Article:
Matching to the United States as an International Medical Graduate

1. As an IMG, can I practice independently in the US without pursuing a residency?

Unfortunately, the answer is, “no” for most specialty. Generally speaking, some level of medical training in the US is required prior to obtaining qualification for independent practice. It means that, for the majority of specialties, a residency training is required. However, for certain specialties, an IMG with prior residency training may pursue a fellowship in order to qualify for independent practice. Such specialties may include, orthopedic surgery, radiology, and transplant surgery. However, such opportunities are quite limited.

2. What is the USMLE and ECFMG? How do I obtain these qualifications?

The USMLE (United States Medical Licensing Exam) is a 3 step examination to assess a physician’s medical knowledge and clinical skills. It is sponsored by the Federation of State Medical Boards (FSMB) and the National Board of Medical Examiners (NBME).

The Educational Commission for Foreign Medical Graduates (ECFMG) is a private, non-profit organization that, through its program of certification, assesses whether international medical graduates are ready to enter accredited residency or fellowship programs in the United States. You cannot match to a residency program without the ECFMG qualification.

After you have completed Steps 1 and 2 of the USMLE, you are eligible to apply for the ECFMG. You may complete Step 3 of USMLE during residency. Certain states require Step 3 to be completed before starting 3rd year of residency.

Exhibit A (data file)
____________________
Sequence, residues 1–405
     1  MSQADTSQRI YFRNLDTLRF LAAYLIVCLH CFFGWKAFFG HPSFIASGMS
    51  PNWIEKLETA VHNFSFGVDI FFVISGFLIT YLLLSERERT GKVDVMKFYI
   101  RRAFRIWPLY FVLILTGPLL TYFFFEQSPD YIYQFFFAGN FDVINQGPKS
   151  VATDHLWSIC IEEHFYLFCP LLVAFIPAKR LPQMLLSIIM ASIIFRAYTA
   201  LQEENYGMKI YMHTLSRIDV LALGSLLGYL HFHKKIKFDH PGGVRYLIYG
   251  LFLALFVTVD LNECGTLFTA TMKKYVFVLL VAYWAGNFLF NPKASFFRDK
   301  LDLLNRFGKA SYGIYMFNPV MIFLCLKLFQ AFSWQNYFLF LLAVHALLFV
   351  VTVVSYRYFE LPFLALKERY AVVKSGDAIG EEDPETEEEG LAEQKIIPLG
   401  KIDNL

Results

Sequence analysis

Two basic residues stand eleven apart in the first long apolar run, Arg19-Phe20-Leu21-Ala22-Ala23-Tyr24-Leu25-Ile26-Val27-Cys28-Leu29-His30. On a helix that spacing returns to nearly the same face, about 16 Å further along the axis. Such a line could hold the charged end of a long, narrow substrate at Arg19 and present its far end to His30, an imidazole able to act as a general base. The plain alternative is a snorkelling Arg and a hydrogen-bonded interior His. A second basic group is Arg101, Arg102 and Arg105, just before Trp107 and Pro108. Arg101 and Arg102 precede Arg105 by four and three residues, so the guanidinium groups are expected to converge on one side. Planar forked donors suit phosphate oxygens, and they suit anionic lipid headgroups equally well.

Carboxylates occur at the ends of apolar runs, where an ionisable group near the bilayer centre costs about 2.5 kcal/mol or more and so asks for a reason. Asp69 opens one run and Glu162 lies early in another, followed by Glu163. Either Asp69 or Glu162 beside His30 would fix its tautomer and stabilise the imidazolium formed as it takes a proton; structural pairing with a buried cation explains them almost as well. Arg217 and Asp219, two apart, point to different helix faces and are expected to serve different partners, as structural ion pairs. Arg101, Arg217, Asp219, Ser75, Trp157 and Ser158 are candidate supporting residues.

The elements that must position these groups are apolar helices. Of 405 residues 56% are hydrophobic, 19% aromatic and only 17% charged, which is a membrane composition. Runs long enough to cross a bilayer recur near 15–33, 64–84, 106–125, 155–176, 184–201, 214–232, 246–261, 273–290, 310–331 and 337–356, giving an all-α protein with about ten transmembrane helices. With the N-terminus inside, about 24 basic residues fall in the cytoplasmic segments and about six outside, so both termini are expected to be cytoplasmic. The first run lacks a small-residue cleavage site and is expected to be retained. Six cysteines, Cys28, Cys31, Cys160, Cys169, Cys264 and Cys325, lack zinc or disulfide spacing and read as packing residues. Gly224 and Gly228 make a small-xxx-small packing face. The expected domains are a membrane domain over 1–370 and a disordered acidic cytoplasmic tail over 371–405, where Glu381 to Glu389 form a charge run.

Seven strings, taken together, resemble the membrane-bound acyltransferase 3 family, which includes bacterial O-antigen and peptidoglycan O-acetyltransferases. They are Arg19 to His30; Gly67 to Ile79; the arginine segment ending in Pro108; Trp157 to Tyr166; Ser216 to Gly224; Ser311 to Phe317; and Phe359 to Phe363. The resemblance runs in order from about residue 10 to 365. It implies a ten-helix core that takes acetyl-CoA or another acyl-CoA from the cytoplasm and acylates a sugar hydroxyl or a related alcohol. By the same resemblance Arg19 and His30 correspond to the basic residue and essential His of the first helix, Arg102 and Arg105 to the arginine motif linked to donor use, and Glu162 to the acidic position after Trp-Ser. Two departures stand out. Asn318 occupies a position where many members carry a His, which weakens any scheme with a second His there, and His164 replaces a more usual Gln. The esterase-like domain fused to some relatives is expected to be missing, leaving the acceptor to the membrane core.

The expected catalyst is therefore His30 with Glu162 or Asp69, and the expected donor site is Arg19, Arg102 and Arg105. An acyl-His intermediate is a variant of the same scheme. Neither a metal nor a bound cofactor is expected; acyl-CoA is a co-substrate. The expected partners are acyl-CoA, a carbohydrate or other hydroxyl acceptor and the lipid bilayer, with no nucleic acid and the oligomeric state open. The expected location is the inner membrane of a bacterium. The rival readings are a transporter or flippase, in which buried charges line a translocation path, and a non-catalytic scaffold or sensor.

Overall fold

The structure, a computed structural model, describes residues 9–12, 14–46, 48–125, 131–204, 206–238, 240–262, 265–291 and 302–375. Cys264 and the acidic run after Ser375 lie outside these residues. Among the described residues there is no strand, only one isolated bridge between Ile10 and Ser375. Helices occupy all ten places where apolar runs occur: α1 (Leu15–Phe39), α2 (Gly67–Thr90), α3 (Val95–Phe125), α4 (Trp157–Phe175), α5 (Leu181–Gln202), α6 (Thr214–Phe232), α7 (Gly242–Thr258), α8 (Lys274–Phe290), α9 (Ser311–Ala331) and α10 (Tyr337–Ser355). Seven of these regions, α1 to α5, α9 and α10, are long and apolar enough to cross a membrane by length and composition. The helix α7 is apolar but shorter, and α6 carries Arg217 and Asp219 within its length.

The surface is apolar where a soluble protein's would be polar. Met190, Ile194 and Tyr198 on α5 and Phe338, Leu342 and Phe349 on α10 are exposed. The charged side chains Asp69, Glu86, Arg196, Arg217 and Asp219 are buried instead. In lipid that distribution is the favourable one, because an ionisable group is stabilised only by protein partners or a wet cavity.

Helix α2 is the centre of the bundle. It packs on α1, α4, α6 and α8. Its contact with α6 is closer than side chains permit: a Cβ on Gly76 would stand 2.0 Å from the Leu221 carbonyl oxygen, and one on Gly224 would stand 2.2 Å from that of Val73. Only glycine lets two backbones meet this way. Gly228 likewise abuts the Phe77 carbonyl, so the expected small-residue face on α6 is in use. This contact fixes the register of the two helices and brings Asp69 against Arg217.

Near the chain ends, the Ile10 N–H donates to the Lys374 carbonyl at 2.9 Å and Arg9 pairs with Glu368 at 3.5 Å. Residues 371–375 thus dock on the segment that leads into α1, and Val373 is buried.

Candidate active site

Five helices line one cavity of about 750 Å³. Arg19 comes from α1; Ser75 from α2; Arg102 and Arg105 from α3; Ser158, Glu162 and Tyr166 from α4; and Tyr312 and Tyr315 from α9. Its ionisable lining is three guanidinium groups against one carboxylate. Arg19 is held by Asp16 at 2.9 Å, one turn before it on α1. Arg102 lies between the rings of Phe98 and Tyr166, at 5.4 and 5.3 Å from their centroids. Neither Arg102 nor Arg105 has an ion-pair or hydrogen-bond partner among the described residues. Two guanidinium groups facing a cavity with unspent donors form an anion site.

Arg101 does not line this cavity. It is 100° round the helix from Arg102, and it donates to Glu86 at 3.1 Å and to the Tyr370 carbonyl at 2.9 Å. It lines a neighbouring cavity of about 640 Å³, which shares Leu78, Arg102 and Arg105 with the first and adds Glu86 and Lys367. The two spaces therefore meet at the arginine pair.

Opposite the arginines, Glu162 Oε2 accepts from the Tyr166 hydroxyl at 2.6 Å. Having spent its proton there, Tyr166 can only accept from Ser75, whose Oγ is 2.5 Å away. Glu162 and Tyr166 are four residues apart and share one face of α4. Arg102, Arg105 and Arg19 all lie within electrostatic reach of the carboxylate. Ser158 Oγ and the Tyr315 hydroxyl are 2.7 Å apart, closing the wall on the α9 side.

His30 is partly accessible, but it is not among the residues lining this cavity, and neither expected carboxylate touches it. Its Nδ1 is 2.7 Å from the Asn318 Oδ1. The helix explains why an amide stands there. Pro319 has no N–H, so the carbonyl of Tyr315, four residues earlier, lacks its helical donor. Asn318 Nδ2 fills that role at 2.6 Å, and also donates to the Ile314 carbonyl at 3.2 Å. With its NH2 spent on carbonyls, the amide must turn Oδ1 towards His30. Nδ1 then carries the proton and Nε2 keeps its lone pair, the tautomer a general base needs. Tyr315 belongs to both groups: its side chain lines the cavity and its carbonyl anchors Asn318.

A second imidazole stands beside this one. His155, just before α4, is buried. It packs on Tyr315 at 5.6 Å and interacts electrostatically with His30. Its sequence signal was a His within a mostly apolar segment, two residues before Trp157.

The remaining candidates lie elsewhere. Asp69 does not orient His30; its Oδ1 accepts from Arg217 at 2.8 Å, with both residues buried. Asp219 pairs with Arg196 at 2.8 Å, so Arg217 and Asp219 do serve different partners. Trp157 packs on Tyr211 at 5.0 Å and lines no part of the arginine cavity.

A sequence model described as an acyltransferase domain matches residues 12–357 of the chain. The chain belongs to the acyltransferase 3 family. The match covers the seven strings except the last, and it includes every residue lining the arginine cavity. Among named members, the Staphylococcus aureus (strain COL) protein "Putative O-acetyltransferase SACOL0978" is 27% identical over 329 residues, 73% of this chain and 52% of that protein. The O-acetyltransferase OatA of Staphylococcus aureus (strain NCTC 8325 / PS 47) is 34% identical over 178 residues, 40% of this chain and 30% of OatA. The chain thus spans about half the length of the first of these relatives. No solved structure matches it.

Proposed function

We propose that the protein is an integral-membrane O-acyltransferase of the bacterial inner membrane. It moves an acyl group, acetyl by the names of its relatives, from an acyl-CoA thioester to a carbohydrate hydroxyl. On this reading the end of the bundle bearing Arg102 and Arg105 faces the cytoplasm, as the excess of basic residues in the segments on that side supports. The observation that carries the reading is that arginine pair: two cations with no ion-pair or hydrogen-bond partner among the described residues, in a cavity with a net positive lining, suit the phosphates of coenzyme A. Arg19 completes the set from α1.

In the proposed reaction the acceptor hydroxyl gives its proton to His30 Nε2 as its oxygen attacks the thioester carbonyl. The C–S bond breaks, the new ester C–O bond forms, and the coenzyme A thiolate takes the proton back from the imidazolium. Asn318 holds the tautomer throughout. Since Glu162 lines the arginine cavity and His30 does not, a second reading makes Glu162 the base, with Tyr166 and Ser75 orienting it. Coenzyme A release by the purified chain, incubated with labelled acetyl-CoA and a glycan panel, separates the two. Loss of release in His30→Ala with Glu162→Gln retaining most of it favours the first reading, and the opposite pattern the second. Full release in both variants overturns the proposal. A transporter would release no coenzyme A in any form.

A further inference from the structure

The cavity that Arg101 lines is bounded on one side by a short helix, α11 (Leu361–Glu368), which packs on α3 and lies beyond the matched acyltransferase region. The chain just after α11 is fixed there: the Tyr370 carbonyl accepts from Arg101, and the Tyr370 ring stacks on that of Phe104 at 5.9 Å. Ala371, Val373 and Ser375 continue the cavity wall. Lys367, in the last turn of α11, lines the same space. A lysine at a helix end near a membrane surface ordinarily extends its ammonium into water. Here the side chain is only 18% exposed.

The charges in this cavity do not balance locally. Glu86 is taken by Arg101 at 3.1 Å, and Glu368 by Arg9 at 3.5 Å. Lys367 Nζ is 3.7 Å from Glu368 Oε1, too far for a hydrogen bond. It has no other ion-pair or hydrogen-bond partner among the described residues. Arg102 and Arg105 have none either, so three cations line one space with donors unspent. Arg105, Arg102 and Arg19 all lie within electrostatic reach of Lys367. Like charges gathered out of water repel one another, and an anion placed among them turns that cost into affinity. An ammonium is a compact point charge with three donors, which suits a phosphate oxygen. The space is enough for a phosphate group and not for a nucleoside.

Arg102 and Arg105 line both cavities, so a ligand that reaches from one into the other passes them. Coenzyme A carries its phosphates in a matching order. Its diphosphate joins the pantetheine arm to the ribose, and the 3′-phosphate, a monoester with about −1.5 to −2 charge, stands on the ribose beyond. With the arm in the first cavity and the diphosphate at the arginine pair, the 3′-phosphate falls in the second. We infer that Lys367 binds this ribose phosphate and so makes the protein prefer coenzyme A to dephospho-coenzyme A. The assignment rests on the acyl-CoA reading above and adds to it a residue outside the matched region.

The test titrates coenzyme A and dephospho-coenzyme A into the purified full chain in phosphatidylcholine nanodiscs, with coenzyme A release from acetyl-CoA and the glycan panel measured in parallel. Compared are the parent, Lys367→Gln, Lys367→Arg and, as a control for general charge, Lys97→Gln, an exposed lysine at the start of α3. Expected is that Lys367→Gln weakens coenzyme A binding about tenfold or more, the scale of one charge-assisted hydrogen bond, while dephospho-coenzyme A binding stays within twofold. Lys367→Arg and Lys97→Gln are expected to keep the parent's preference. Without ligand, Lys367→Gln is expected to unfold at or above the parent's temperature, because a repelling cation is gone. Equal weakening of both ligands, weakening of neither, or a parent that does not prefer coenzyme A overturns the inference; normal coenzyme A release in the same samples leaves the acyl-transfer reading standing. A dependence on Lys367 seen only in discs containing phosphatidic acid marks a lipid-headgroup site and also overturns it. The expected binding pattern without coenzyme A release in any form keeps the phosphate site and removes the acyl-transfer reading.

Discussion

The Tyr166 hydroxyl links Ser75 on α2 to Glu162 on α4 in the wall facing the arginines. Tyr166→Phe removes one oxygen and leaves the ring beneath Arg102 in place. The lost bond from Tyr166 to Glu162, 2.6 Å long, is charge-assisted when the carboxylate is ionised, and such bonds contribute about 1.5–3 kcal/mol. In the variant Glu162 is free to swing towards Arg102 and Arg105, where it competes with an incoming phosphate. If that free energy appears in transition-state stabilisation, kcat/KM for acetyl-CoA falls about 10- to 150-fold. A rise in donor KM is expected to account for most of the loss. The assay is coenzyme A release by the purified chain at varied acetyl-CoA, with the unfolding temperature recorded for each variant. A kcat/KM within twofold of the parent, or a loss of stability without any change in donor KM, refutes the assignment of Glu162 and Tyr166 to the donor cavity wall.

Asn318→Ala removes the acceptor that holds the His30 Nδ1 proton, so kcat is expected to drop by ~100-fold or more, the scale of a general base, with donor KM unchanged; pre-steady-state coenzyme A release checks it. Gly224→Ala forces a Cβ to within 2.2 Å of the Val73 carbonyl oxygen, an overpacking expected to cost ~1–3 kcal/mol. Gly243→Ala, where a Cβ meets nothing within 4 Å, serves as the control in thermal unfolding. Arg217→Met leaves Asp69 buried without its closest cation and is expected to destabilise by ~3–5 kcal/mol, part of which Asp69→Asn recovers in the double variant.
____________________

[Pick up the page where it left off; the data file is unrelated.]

3. Should I do an elective or observership in the US before applying?

You should absolutely try to obtain an elective or observership position prior to applying for residency or fellowship positions. Currently, more and more IMG conduct such clinical activities in order to learn about the US healthcare system and become more competitive for the matching process. It also helps you obtain reference letters and prepares you for the very crucial interview process. Most IMGs will do 2-6 months of elective or observership.

4. How many residency programs should one apply for?

Usually IMGs will apply to 100 to 150 residency programs, but the number really depends on how competitive the specialty is. For those applying to more than one specialty, some colleagues have told me it could add up to 200-300 applications. It is a time-consuming, stressful, and expensive process. As the number of IMG applicants keep increasing, on average, each program will get 1000-2000 applications per year. In certainly specialties, such as internal medicine, there could even be 4000-5000 applications for a mid-sized residency program (10-12 residents/year). Therefore, ideally, you want to apply once only and give your best shot.